NightI just finished reading a small disturbing book written by Elie Wiesel, Holocaust survivor and winner of the 1986 Nobel Peace Prize. “Night” is a chilling tale of his experience in Auschwitz and Buchenwald concentration camps as a fifteen-year-old. The book is not for the faint of heart because the account of the sheer cruelty of the Nazis is appalling.

Upon his arrival in Birkenau by cattle car, Elie and his father were separated from his mother and sisters, whom they would never see again. The Jews were evaluated to determine whether they should be exterminated or put on the work detail. Elie and his father are deemed fit enough to work, but as they were herded to the prisoners’ barracks, they were taken past an open-pit furnace where the Nazis are burning babies by the truckload.

“The Jewish arrivals were stripped, shaved, disinfected, and treated with almost unimaginable cruelty. Eventually, their captors marched them from Birkenau to the main camp, Auschwitz. They eventually arrived in Buna, a work camp, where Elie was put to work in an electrical-fittings factory… A vicious foreman forced Elie to give him his gold tooth, which was pried out of his mouth with a rusty spoon. The prisoners were forced to watch the hanging of fellow prisoners in the camp courtyard. On one occasion, the Gestapo even hung an eight-year-old boy who had been associated with some rebels within Buna. Because of the horrific conditions in the camps and the ever-present danger of death, many of the prisoners themselves begin to slide into cruelty, concerned only with personal survival. Sons begin to abandon and abuse their fathers. Elie himself began to lose his humanity and his faith, both in God and in the people around him.” I won’t tell you any more of the story just in case you want to read the book for yourself.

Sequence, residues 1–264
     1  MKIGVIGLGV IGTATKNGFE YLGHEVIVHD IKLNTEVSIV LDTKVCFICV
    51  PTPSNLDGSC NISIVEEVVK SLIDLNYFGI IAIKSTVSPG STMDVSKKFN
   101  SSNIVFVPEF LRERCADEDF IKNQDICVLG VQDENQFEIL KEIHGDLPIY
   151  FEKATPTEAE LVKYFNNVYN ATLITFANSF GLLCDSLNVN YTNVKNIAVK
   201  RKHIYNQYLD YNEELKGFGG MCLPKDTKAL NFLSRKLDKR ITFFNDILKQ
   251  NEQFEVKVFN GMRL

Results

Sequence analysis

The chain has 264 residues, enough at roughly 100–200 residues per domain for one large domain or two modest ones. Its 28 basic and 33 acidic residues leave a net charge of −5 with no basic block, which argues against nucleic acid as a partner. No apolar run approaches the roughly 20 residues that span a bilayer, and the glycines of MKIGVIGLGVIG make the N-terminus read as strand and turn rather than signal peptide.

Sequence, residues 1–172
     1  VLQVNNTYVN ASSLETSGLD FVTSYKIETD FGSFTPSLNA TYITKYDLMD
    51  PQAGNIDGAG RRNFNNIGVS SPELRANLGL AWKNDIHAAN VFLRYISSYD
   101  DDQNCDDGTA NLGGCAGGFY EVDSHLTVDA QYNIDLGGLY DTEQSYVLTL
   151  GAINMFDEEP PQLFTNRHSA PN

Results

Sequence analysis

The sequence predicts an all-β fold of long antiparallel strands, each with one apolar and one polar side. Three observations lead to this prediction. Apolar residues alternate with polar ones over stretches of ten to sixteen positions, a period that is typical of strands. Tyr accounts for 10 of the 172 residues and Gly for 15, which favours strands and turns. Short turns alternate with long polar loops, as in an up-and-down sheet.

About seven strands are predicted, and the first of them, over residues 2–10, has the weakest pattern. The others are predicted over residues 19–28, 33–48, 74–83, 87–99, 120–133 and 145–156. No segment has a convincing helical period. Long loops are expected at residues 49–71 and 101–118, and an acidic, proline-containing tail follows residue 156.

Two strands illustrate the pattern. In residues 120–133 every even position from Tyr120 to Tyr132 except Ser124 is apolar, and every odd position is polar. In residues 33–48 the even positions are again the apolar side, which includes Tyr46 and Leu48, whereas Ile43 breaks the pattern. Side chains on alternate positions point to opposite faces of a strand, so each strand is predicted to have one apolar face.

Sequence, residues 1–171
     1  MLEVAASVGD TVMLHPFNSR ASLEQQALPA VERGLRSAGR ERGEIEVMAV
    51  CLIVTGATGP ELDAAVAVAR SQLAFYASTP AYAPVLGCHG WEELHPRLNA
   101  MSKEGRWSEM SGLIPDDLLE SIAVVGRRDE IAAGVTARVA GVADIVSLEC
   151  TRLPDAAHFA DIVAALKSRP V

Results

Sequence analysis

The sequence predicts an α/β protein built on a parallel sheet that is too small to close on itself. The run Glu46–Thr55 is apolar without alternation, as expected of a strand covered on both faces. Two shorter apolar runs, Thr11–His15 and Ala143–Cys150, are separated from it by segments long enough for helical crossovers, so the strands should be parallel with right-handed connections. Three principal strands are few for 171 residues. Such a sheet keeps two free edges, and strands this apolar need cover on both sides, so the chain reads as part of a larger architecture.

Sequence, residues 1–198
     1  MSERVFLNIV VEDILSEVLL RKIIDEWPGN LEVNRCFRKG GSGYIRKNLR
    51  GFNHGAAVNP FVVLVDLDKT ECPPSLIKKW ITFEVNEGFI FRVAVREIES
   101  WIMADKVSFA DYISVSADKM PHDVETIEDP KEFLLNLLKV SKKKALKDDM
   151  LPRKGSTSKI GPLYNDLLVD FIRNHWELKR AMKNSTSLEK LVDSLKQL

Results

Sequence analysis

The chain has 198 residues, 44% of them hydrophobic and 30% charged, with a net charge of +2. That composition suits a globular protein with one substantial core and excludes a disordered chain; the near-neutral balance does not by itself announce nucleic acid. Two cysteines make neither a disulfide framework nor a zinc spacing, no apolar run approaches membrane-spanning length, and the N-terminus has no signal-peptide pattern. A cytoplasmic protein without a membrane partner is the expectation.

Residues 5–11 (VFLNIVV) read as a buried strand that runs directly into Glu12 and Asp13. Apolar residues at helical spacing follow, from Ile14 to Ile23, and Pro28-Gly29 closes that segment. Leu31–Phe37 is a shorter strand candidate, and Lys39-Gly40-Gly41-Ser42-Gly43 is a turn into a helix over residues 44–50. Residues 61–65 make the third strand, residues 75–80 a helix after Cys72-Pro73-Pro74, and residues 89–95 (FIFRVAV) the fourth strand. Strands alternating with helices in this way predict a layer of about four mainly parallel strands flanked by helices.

Behind the physical and emotional struggles, the book revealed the spiritual struggle of this young Jew raised in the Torah and Cabala (teachings of Jewish mysticism). For me, the key paragraph in the entire book summed up that struggle: “Never shall I forget that night, the first night in camp, which has turned my life into one long night…Never shall I forget that smoke. Never shall I forget the little faces of the children, whose bodies I saw turned into wreaths of smoke beneath a silent blue sky. Never shall I forget those flames which consumed my faith forever…Never shall I forget those moments which murdered my God and my soul and turned my dreams into dust.”

He uttered a similar cry when he witnessed the hanging of the little boy who tragically did not die immediately because he was too light for the rope. “For more than an hour he stayed there, struggling between life and death, dying in slow agony under our eyes…He was still alive when I passed in front of him. His tongue was still red, his eyes were not glazed. Behind me, I heard a man asking: ‘Where is God now?'” How would you answer that question? I am not sure that anyone could at that moment because the absolute evil of that event would have sucked our breath away. However, eventually you would need to process your experience and help someone else through theirs.

The Foreword to the book was written by Francois Mauriac, with whom the author became friends later in life. Mauriac’s words are stunning. “And I, who believe that God is love, what answer could I give my young questioner, whose dark eyes still held the reflection of that angelic sadness which had appeared one day upon the face of the hanged child? What did I say to him? Did I speak of another Jew, his brother, who may have resembled him- the Crucified, whose Cross has conquered the world? Did I affirm that the stumbling block to his faith was the cornerstone of mine, and that the conformity between the Cross and the suffering of men was in my eyes the key to that impenetrable mystery whereon the faith of his childhood had perished?…The Jewish nation has been resurrected from among its thousands of dead. It is through them that it lives again. We do not know the worth of one single drop of blood, one single tear. All is grace. If the Eternal is Eternal, the last word for each one of us belongs to Him.”